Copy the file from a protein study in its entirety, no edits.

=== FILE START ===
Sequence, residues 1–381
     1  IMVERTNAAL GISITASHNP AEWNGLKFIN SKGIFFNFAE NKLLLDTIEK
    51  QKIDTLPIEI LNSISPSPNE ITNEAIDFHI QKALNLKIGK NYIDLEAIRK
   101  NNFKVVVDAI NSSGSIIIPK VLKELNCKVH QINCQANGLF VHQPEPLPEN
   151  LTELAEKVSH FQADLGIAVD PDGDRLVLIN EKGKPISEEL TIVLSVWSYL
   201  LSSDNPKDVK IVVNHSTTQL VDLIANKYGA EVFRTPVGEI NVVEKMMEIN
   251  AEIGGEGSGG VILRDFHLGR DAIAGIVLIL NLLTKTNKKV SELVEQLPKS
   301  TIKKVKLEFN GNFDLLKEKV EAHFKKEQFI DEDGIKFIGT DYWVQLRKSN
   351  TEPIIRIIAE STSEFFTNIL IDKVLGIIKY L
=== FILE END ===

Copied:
Sequence, residues 1–381
     1  IMVERTNAAL GISITASHNP AEWNGLKFIN SKGIFFNFAE NKLLLDTIEK
    51  QKIDTLPIEI LNSISPSPNE ITNEAIDFHI QKALNLKIGK NYIDLEAIRK
   101  NNFKVVVDAI NSSGSIIIPK VLKELNCKVH QINCQANGLF VHQPEPLPEN
   151  LTELAEKVSH FQADLGIAVD PDGDRLVLIN EKGKPISEEL TIVLSVWSYL
   201  LSSDNPKDVK IVVNHSTTQL VDLIANKYGA EVFRTPVGEI NVVEKMMEIN
   251  AEIGGEGSGG VILRDFHLGR DAIAGIVLIL NLLTKTNKKV SELVEQLPKS
   301  TIKKVKLEFN GNFDLLKEKV EAHFKKEQFI DEDGIKFIGT DYWVQLRKSN
   351  TEPIIRIIAE STSEFFTNIL IDKVLGIIKY L